Professor Edna Hardeman, Head, Neuromuscular and Regenerative Medicine Unit, School of Medical Sciences, University of New South Wales, Sydney, NSW.
The Neuromuscular and Regenerative Medicine Unit (NRMU) is engaged in a range of research activities that span basic mechanisms in cell biology to cell-based therapies to the cellular basis for aspects of human cognition and behaviour. Our disease foci are neuromuscular disorders, regenerative medicine, childhood cancer, cancer metabolic syndrome, and the neurodevelomental disorder William Beurens Syndrome. In particular, our research aims to understand muscle cytoarchitecture, muscle regeneration and develop stem cell-based therapy, to understand how radiation therapy for childhood cancers impacts the epigenome of muscle stem cells, to analyse anti-cytoarchitecture/anti-cancer drugs, and to understand how one gene, discovered by us, GTF2IRD1, can profoundly affect skeletal muscle and yet also play a role in human cognition and behaviour. Current research projects are:
- Novel approach and insights into muscle stem cell transplantation
- The role of transient DNA methylation in muscular adaption
- The role of epigenetic modifications in longterm memory of irradiation in childhood cancer survivors
- Development of anti-tropomyosin drugs, anti-cancer drugs
- Regulation of cell proliferation by the actin cytoskeleton
- Regulation of glucose uptake by tropomyosins and myosins
- Gtf2ird1 and the molecular and cellular basis of human behaviour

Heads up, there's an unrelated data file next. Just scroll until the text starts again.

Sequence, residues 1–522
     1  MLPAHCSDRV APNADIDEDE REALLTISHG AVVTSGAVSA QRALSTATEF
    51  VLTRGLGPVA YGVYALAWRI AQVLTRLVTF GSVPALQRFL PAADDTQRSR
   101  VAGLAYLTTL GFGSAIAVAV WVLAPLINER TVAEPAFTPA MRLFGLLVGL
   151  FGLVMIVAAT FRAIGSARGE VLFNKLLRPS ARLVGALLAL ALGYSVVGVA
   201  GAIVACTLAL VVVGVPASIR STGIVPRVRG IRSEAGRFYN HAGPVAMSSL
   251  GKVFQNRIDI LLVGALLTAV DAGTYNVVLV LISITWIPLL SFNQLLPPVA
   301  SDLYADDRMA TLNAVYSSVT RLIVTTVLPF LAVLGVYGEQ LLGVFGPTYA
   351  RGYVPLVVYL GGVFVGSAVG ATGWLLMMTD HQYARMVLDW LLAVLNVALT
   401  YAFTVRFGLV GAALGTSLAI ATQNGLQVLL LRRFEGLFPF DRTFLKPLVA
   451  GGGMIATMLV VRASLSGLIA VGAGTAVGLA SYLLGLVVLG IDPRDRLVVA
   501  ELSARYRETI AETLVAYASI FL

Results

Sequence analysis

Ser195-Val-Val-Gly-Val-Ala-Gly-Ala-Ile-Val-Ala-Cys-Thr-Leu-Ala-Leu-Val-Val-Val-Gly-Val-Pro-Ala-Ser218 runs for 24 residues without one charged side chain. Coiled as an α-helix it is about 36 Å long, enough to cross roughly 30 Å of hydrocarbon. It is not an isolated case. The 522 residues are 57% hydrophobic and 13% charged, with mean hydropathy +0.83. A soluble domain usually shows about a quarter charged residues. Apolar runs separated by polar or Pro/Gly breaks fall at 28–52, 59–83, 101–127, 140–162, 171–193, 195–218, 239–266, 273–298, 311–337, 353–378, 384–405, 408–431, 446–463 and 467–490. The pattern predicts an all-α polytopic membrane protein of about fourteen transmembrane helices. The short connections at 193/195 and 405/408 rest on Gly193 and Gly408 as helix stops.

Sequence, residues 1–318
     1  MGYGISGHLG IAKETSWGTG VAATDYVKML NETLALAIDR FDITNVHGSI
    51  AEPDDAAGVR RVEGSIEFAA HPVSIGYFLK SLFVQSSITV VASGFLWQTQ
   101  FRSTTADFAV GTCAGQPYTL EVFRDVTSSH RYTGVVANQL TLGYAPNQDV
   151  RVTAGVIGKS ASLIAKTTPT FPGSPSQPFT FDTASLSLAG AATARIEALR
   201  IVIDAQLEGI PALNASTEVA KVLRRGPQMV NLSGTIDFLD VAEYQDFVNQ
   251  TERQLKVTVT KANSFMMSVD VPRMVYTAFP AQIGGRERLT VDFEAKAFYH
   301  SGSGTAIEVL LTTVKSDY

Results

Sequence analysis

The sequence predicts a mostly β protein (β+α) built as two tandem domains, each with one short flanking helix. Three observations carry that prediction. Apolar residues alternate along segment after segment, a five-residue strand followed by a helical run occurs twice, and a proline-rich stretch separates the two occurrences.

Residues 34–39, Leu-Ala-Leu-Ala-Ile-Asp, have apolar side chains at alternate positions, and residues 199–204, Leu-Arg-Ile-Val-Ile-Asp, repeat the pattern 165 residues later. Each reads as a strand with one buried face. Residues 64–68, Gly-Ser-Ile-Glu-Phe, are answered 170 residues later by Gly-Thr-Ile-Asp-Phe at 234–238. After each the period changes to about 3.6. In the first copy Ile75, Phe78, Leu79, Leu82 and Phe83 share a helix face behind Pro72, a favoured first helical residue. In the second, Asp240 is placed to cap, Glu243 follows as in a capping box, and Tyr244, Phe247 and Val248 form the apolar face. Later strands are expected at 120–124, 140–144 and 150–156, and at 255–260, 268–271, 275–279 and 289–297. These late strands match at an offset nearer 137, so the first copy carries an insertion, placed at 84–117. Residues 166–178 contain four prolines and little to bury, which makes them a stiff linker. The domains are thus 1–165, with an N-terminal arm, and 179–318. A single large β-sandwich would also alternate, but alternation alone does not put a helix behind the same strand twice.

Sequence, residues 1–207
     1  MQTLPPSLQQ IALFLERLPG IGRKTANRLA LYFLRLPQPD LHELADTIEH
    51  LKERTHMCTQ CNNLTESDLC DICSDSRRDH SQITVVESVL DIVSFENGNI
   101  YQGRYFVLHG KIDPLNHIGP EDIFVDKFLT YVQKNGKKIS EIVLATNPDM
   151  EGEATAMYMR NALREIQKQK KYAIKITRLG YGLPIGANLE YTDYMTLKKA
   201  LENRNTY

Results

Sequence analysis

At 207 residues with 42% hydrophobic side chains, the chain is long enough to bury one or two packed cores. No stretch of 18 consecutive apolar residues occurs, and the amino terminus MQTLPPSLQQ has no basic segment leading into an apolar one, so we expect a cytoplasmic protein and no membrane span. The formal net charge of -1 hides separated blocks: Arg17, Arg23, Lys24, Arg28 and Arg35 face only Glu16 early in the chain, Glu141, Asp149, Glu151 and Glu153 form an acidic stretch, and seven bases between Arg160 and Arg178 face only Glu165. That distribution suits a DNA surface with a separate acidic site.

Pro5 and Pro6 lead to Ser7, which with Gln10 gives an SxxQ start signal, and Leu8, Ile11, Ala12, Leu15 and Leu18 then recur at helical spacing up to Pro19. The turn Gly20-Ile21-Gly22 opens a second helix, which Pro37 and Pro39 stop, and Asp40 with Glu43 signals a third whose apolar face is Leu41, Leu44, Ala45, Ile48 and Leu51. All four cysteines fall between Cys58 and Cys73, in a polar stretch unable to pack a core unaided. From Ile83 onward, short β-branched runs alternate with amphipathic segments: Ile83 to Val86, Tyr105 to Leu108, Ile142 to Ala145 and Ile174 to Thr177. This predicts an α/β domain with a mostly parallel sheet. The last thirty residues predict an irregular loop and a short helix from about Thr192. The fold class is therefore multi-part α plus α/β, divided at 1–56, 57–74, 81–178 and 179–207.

- The genetic control of skin proliferation in the face
Professor Hardeman received her doctorate from the Department of Biological Sciences, Stanford University and then took up a postdoctoral fellowship in the Department of Pharmacology, Stanford Medical School. She established her laboratory, the Muscle Development Unit at the Children’s Medical Research Institute in Sydney, and has built an international reputation defining mechanisms of muscle gene regulation, and generating mouse models for human skeletal muscle diseases and trialling therapies as part of an international consortium of the European Neuromuscular Centre. In 2009 she moved to the University of New South Wales to take up a Research Chair in Anatomy and establish the Neuromuscular and Regenerative Medicine Unit. Notable achievements include: developing the human skeletal alpha-actin promoter for skeletal muscle-specific expression in animal models of human disease and for gene therapy, the identification of a novel pulsatory, stochastic mode of gene transcription that contributed a new mechanism to the field of gene regulation, the generation of mouse models for nemaline myopathy and identification of therapies, member of collaborative team that identified tropomyosins as the gatekeepers of actin filament function, and the discovery of the gene Gtf2ird1 which is implicated in aspects of human cognition and behaviour.